Be sure to read the introductory installment of this series here: http://biblestudypodcasts.org/archives/3765
is it Time to Leave a Denomination?
The great R.C. Sproul was once asked, “When must you leave the church?” As one of the most widely loved and respected theologians in the world, I don’t know if there was a tougher question you could have asked him. It’s a question that many church-going people have struggled with at one time or another. When you consider some of the ridiculous stories about churches splitting (I’ve even heard a story about one church splitting over a stick of butter that was left in the church refrigerator for too long), you understand that this is an issue that requires prayer, patience, and—above all—love.
If anyone would know how to answer this
question, however, it was R.C. Sproul.
He had a love for the church that was evident, as was his desire for the
unity of the brethren. But if you know
his history, you know that there was a time in his own life when he had to
wrestle with the issue of leaving. In
his case, it wasn’t just leaving a church, however; it was leaving a
denomination. He left the Presbytery of
Pittsburgh in 1981 to join the Presbyterian Church of America (PCA).
In answering this question, Sproul clearly
recognized the delicate nature of it. “You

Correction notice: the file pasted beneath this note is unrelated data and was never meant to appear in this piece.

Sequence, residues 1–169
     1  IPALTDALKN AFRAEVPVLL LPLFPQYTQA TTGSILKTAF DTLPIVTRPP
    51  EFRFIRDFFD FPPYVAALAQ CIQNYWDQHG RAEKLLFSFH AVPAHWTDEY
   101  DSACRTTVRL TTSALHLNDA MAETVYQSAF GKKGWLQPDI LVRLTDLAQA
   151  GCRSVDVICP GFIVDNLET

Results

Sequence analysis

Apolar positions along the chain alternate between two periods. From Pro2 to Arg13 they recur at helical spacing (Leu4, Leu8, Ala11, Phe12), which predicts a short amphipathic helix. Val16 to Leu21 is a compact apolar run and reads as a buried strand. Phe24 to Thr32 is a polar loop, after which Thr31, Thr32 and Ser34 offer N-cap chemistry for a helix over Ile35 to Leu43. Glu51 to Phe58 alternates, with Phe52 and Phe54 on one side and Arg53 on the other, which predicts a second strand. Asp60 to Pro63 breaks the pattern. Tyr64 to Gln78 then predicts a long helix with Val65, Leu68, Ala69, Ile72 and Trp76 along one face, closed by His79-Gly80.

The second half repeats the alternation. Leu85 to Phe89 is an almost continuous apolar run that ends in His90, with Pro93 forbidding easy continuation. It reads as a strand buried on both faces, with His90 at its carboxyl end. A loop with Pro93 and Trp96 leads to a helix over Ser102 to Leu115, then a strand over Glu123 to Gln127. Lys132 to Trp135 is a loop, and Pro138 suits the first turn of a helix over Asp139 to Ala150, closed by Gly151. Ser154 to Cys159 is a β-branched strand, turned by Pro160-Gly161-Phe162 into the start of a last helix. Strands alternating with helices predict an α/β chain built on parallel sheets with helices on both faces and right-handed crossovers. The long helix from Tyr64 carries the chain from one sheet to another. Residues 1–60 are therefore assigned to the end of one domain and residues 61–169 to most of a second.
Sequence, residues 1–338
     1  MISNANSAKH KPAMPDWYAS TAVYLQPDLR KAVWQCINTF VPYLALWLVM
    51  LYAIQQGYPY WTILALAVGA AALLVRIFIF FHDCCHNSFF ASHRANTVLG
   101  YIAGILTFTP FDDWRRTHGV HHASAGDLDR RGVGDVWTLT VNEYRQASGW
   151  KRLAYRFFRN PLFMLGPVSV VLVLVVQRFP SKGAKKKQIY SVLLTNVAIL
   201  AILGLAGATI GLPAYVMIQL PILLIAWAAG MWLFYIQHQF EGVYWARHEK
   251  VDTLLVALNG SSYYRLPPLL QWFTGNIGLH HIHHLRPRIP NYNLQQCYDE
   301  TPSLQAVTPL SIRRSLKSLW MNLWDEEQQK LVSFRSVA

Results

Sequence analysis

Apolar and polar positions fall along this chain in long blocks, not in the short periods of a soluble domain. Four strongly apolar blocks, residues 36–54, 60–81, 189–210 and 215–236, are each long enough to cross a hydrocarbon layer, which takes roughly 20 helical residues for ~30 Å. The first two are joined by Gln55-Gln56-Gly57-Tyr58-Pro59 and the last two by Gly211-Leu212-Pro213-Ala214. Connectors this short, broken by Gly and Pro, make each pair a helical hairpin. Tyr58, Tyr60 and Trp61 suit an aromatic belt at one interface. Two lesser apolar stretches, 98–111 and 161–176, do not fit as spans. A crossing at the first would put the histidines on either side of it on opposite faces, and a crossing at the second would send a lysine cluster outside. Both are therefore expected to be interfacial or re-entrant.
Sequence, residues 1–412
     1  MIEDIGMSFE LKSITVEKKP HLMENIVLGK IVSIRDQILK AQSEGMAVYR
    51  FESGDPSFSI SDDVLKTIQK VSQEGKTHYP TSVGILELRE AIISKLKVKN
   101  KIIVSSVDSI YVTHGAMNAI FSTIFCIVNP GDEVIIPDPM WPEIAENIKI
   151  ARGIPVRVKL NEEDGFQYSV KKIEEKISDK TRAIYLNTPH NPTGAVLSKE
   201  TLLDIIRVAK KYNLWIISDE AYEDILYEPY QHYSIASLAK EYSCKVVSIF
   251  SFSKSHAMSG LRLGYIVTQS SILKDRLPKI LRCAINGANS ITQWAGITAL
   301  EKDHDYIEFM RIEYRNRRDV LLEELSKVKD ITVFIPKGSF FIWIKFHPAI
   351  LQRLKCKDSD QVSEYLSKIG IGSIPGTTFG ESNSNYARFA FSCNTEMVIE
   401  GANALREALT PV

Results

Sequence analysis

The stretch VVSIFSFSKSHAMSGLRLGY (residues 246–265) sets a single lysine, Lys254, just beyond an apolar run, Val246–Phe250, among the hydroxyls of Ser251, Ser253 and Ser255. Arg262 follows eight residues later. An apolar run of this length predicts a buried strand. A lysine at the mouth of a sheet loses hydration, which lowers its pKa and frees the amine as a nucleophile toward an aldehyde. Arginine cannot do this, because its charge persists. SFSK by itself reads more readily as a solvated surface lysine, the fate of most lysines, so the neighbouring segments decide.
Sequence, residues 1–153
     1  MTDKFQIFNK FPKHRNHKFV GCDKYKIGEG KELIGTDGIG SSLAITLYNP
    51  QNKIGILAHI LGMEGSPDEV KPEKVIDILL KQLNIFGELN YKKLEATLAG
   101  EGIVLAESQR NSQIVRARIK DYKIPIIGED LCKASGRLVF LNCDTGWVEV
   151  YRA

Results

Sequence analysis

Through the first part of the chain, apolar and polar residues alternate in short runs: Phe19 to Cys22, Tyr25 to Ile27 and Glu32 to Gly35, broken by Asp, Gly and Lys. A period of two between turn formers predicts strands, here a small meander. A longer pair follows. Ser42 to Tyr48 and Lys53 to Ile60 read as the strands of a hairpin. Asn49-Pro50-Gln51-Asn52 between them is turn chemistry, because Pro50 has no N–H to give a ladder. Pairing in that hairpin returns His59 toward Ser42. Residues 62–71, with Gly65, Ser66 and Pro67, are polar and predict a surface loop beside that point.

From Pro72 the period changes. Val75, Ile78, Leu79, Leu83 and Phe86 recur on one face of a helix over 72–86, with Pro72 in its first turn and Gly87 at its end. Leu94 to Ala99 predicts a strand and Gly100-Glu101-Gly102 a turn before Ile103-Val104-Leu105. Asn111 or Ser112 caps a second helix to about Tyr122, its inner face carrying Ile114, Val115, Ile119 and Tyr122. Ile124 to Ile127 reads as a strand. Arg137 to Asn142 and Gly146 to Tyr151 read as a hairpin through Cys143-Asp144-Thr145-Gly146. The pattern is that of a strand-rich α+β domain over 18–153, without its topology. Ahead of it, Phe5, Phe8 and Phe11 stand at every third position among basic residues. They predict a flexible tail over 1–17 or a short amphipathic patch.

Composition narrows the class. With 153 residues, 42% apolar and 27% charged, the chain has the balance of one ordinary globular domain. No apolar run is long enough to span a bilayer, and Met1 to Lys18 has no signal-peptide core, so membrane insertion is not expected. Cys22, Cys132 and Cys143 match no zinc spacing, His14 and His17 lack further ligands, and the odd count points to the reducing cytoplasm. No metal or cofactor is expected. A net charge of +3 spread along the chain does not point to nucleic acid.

have to be very careful,” he warned, “not to be too hasty to separate or to
tolerate the intolerable.” And yet, he
would add that there are certainly “times when a church or any institution
becomes so corrupt” that there becomes “a moral obligation to leave it.”
So when does a denomination cross that
line? When does a denomination go from
being off-track (but still sound) to corrupt, and worthy of leaving?
The answer here isn’t easy. And different people come to different
answers. In other words, this isn’t
necessarily a clear-cut, black and white issue.
As I struggled with what I saw happening
in the EFCA, one of the places I turned for answers was the writings of the
Reformers (as I found out after the fact, Sproul did the same). After all, this was an issue that was right
at the heart of the Protestant Reformation.
Those men had to struggle with the issue in a bigger way than anyone in
our day and age can relate to, I would imagine.
And for the Reformers, the issue came down to the responsibilities that
the true church has been given.
Are The Responsibilities of a Church or Denominational Institution?
This is actually a question that is
specifically addressed in the Belgic Confession. This historic confession is included in the
“Three Forms of Unity” (which you can—and should—read about, if you’re not
familiar with them. You can read about
them here: https://en.wikipedia.org/wiki/Three_Forms_of_Unity
), and was written in the 16th century by Guido de Brès, a Dutch
preacher who ended up being martyred.
Article 29 of the Belgic Confession is
titled, “Marks of the True Church.”
While the article is several paragraphs long (and I would strongly
encourage anyone and everyone to read and study it thoroughly), you’ll find
this at the heart of the article:
“The true church can be recognized
if it has the following marks:
The church engages in the pure preaching